Read Commons debates back to November 1988

Lords debates
Browse Lords debates by date back to 1995-96


Churchill died in 1965. I think the historian I quoted is fairly reliable though.
oristarA
 
  1  
Reply Sat 14 May, 2011 08:41 am
@izzythepush,
izzythepush wrote:

Sorry, it looks like we can't yet. I've just been on the Hansard website and downloaded the following

Hansard
Hansard (the Official Report) is the edited verbatim report of proceedings of both the House of Commons and the House of Lords. Daily Debates from Hansard are published on this website the next working day by 6am.


Commons debates
Read Commons debates back to November 1988

Lords debates
Browse Lords debates by date back to 1995-96


Churchill died in 1965. I think the historian I quoted is fairly reliable though.


Thank you.

Any link to Hansard?

I'd like to give it a try.
izzythepush
 
  1  
Reply Sat 14 May, 2011 08:52 am
@oristarA,
I've had problems placing links before but here goes

www.parliament.uk
panzade
 
  1  
Reply Sun 15 May, 2011 02:07 pm
@izzythepush,
Commendable!
izzythepush
 
  1  
Reply Mon 16 May, 2011 12:52 am
@panzade,
Thank you
0 Replies
 
Natalya P
 
  2  
Reply Fri 30 Aug, 2013 01:14 pm
@oristarA,
Yes this is a true fact!

WINSTON S. CHURCHILL: HIS COMPLETE SPEECHES 1897-1963, Robert Rhodes James, editor, NY: Bowker, 1974, vol. 6, p. 6674

“It was an experience of great interest to me to meet Premier Stalin. The main object of my visit was to establish the same relations of easy confidence and of perfect openness which I have built up with President Roosevelt. I think that, in spite of the accident of the Tower of Babel which persists as a very serious barrier in numerous spheres, I have succeeded to a considerable extent. It is very fortunate for Russia in her agony to have this great rugged war chief at her head. He is a man of massive outstanding personality, suited to the somber and stormy times in which his life has been cast; a man of inexhaustible courage and will-power, and a man direct and even blunt in speech, which, having been brought up in the House of Commons, I do not mind at all, especially when I have something to say of my own. Above all, he is a man with that saving sense of humour which is of high importance to all men and all nations, but particularly to great men and great nations. Stalin also left upon me the impression of a deep, cool wisdom and a complete absence of illusions of any kind. I believe I made him feel that we were good and faithful comrades in this war — but that, after all, is a matter which deeds, not words, will prove.”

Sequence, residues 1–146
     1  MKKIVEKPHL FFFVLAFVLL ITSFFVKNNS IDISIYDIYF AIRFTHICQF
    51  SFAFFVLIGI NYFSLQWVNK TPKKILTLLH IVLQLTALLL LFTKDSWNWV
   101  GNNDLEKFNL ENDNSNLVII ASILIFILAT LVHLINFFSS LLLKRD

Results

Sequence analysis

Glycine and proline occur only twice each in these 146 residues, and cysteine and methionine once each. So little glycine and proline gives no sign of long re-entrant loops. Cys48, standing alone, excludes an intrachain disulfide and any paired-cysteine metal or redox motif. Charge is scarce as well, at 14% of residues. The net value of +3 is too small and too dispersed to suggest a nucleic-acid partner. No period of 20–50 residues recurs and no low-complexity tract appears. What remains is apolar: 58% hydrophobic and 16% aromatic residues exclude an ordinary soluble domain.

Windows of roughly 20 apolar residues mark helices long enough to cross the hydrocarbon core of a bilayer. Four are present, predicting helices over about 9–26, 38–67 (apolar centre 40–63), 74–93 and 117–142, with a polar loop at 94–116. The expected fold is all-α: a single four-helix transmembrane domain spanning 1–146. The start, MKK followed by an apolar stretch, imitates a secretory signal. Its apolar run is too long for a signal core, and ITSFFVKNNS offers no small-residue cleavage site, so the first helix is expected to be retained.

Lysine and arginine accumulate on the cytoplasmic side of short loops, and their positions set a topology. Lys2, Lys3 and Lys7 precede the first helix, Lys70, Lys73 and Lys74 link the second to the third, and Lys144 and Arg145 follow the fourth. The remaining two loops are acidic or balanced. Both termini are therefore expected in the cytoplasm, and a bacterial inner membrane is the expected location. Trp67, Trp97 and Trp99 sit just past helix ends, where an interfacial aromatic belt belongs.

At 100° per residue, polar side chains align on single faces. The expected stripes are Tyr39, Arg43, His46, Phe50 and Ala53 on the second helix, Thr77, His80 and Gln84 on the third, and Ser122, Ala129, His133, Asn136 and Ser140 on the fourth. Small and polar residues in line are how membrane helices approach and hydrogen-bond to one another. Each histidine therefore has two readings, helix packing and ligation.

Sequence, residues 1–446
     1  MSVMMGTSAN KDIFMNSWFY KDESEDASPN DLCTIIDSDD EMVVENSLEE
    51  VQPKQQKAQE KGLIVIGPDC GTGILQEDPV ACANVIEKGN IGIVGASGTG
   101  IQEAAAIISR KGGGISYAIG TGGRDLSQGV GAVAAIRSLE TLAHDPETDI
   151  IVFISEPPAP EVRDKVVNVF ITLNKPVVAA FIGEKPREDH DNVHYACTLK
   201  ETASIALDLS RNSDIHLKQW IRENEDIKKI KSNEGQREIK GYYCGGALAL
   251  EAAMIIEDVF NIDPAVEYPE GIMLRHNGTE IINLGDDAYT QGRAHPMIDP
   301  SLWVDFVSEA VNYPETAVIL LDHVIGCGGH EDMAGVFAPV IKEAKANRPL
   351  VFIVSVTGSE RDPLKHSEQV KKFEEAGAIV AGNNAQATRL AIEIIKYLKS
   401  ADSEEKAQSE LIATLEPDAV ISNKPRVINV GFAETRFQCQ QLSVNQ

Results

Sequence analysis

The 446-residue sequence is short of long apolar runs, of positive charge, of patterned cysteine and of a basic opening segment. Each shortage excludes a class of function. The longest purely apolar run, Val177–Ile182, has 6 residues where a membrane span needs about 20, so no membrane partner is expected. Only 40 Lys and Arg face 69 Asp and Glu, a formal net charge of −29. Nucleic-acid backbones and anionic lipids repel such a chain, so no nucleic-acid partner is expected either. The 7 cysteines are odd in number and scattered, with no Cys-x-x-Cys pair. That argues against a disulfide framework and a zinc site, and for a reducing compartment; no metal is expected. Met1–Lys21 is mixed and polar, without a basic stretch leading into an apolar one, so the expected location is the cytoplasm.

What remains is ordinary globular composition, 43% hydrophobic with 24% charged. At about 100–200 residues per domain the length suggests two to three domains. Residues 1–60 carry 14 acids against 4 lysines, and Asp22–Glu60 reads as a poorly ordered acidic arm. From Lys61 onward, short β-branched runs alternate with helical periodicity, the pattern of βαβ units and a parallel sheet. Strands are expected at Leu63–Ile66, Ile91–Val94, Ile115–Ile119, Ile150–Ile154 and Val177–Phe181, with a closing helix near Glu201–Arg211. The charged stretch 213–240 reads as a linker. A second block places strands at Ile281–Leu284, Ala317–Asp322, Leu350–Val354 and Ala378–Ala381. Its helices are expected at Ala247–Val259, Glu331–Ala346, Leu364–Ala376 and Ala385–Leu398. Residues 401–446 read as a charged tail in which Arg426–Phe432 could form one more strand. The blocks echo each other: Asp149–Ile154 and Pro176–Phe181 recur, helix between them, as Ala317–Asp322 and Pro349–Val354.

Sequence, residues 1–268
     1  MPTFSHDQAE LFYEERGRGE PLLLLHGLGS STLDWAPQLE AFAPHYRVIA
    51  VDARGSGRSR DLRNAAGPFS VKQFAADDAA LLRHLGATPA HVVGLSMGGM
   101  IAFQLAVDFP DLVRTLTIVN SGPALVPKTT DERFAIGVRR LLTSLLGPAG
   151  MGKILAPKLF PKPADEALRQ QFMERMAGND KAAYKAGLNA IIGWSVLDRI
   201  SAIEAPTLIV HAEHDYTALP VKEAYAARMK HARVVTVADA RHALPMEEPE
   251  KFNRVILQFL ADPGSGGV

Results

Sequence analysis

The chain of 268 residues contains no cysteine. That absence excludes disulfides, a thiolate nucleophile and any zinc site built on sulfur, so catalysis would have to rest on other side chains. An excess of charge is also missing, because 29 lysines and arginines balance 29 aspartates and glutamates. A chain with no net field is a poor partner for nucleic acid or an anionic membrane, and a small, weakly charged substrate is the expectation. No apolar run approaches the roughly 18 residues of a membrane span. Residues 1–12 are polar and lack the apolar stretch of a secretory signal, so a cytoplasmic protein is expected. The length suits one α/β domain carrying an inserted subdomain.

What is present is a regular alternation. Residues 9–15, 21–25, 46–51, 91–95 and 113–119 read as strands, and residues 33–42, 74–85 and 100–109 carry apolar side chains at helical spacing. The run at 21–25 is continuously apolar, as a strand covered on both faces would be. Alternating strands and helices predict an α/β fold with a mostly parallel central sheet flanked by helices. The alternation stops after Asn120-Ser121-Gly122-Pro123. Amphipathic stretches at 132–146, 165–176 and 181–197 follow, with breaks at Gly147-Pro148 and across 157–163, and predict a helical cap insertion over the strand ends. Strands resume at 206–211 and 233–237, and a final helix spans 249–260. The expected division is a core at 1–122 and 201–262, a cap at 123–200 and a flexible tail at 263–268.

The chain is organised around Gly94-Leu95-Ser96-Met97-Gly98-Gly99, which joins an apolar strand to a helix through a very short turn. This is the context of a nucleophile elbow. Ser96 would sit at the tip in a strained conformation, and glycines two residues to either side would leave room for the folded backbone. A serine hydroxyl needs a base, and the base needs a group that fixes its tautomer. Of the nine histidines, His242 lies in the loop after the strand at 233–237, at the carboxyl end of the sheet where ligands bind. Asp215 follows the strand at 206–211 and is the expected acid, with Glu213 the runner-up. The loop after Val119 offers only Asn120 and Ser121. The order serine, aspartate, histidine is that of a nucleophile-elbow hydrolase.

Edit [Moderator]: Link removed
contrex
 
  1  
Reply Fri 30 Aug, 2013 04:45 pm
@Natalya P,
Natalya P wrote:
“It was an experience of great interest to me to meet Premier Stalin.... (etc)


1942, not 1959 as alleged in the piece quoted at the start of this 2 year old thread.
0 Replies
 
oristarA
 
  1  
Reply Sat 31 Aug, 2013 07:58 am
@Natalya P,
Natalya P wrote:

Yes this is a true fact!

WINSTON S. CHURCHILL: HIS COMPLETE SPEECHES 1897-1963, Robert Rhodes James, editor, NY: Bowker, 1974, vol. 6, p. 6674

“It was an experience of great interest to me to meet Premier Stalin. The main object of my visit was to establish the same relations of easy confidence and of perfect openness which I have built up with President Roosevelt. I think that, in spite of the accident of the Tower of Babel which persists as a very serious barrier in numerous spheres, I have succeeded to a considerable extent. It is very fortunate for Russia in her agony to have this great rugged war chief at her head. He is a man of massive outstanding personality, suited to the somber and stormy times in which his life has been cast; a man of inexhaustible courage and will-power, and a man direct and even blunt in speech, which, having been brought up in the House of Commons, I do not mind at all, especially when I have something to say of my own. Above all, he is a man with that saving sense of humour which is of high importance to all men and all nations, but particularly to great men and great nations. Stalin also left upon me the impression of a deep, cool wisdom and a complete absence of illusions of any kind. I believe I made him feel that we were good and faithful comrades in this war — but that, after all, is a matter which deeds, not words, will prove.”

Edit [Moderator]: Link removed


Thanks for the information.
0 Replies
 
Emsar Shalikashvili
 
  1  
Reply Wed 15 Oct, 2014 09:23 am
@fresco,
http://youtu.be/w665yXiKjvE ------ this is the full speech on Russian.